Biking Across Canada Day 50 — Ottawa to Oka: The Wringing of the Hands

New province, who dis? I started the day by crossing into Quebec, which means I've ridden across five of Canada's ten provinces. To get there I rode along the Rideau Canal and past the prime minister's (vacant) house. It's been a long ride through Ontario (30% of the trip) so it's nice to be crossing off another province.

Much of the riding between Ottawa and Quebec City I've done before—my wife and I took our tandem through here before we had kids—so when I was riding somewhere I didn't recognize I thought it must be a new addition to La Route Verte. Nope. I just missed my turn and went on a seven-kilometre round trip down a (beautiful) peninsula.

The road less travelled

I spent the day following the Ottawa River, sometimes closely, sometimes from a distance. I'm still a little intimidated to order coffee en francais, so when I was ready to stop and write a blog post I went to the supermarket where chocolate milk was on sale, loaded up and spent a lovely hour at Parc national de Plaisance, tucked in between a marsh and the river.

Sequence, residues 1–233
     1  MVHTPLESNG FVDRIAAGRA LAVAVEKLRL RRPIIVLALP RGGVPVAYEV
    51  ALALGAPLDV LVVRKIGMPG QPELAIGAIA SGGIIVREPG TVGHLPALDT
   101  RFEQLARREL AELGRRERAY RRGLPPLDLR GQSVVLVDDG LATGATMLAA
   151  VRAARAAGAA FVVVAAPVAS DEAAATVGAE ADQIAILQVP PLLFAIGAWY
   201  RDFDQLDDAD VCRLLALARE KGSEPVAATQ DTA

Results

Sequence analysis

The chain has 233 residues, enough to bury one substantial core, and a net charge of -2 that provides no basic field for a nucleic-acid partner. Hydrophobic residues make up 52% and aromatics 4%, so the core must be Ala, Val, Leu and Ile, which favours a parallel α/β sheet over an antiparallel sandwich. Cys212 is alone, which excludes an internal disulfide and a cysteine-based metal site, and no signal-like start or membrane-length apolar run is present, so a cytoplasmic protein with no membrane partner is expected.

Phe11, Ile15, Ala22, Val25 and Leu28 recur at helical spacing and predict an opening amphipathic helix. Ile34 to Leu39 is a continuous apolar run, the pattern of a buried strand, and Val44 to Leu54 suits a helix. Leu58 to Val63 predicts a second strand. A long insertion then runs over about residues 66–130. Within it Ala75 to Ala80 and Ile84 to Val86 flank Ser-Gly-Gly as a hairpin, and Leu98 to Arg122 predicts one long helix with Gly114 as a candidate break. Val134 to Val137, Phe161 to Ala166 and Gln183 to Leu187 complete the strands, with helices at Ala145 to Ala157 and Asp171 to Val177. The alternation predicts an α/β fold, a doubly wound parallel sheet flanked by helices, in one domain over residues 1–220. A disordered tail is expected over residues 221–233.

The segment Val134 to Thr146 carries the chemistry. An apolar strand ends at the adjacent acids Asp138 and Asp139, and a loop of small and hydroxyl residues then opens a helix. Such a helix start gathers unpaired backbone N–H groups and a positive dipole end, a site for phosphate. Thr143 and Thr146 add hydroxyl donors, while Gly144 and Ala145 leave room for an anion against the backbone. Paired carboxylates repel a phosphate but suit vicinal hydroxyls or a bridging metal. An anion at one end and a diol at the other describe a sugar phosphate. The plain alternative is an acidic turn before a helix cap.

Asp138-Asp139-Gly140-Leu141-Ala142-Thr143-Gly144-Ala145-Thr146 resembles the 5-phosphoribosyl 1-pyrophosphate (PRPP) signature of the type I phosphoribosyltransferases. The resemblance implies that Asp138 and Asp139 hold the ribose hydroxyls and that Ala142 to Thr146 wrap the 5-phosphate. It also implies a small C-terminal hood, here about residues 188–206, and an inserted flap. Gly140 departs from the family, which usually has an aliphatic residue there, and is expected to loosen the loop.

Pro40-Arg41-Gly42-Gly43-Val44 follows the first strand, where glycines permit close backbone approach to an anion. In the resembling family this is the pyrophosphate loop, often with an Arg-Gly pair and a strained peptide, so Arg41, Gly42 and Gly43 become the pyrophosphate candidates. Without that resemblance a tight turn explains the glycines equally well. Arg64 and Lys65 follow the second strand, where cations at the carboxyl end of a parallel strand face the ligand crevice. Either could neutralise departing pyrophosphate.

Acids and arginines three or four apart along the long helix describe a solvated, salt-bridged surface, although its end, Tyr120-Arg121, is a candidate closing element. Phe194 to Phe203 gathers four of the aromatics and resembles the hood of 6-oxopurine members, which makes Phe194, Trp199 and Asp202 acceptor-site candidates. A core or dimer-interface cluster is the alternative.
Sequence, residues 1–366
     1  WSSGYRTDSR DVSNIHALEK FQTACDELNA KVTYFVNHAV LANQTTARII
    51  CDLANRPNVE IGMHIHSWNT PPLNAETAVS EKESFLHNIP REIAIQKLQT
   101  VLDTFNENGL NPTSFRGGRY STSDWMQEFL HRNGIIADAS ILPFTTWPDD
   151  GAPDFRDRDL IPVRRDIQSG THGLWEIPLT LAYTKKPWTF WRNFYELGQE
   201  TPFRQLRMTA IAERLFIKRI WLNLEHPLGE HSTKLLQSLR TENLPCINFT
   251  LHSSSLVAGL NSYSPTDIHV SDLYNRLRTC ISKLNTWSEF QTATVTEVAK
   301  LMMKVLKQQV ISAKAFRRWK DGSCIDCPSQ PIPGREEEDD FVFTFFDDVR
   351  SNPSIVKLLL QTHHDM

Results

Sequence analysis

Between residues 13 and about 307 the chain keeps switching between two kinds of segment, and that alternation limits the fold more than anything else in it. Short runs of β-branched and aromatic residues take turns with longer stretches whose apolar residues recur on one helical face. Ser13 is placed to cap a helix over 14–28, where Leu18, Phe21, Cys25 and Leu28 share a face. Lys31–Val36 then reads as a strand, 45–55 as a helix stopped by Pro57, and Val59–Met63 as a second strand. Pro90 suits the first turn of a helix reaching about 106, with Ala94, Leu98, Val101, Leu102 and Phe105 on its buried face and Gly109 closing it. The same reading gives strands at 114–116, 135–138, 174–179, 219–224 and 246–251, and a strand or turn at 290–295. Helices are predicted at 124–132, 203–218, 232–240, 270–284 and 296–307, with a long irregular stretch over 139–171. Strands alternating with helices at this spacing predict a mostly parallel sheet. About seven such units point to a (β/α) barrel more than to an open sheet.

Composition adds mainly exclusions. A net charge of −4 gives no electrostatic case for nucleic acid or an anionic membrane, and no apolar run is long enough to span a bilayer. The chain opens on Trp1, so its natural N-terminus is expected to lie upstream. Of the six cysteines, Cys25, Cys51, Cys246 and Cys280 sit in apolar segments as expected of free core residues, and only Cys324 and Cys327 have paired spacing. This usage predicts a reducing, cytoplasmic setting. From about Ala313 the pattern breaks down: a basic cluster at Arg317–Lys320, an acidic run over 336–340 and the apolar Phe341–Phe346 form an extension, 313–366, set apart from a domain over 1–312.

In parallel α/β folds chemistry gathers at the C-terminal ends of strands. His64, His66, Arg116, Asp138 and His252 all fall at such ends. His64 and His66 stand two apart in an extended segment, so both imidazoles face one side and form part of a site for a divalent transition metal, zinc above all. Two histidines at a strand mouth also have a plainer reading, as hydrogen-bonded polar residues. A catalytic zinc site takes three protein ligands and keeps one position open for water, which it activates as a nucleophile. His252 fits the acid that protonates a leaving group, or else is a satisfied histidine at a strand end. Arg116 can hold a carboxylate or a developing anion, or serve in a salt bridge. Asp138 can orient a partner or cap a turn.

It was another long day of riding. My schedule between Toronto and St. John's is much heavier than beforehand, and I'm finding it a little demotivating. I think I may have to retool it so I'll have more leisure time. It's a little tight, and the mechanical difficulties I've had make me think I need to plan more time for preventing them.

How to tell you’re in Quebec: big churches
View from the lookout tower. I ate dinner here.
These woods were cool and misty on our 2010 trip. A highlight of that day.

My new gloves that I was so excited to buy proved problematic today. Fun fact: your biking callouses develop based on where the padding of your gloves sits, and these gloves have padding in different spots. I kept having to give my hands a break as they were cramping up. Lots of hand-wringing happened today.

I was very confused until I realized these were ice fishing huts being stored until winter.

I made it to Parc national d'Oka right at sunset where I paid the ludicrous fee of $51 for the night. I'm sure it's a lovely park and worth the money if you're spending time exploring it, but I'm just there to pitch my tent and sleep. There was a thunderstorm imminent, and no other campsites nearby, so this begger chose not to be choosy. The rain started just as I got my tent up, so I skipped a shower and went right to sleep.

You might remember Oka because of their poorly-thought-out plan to build a golf course on indigenous land. It's not my story to tell. Just watch Alanis Obomsawim's excellent documentary instead.

Kanehsatake: 270 Years of Resistance, Alanis Obomsawin, provided by the National Film Board of Canada

Today's Distance: 178 km

Cumulative Distance: 5832 km

John Kyle @JohnKyle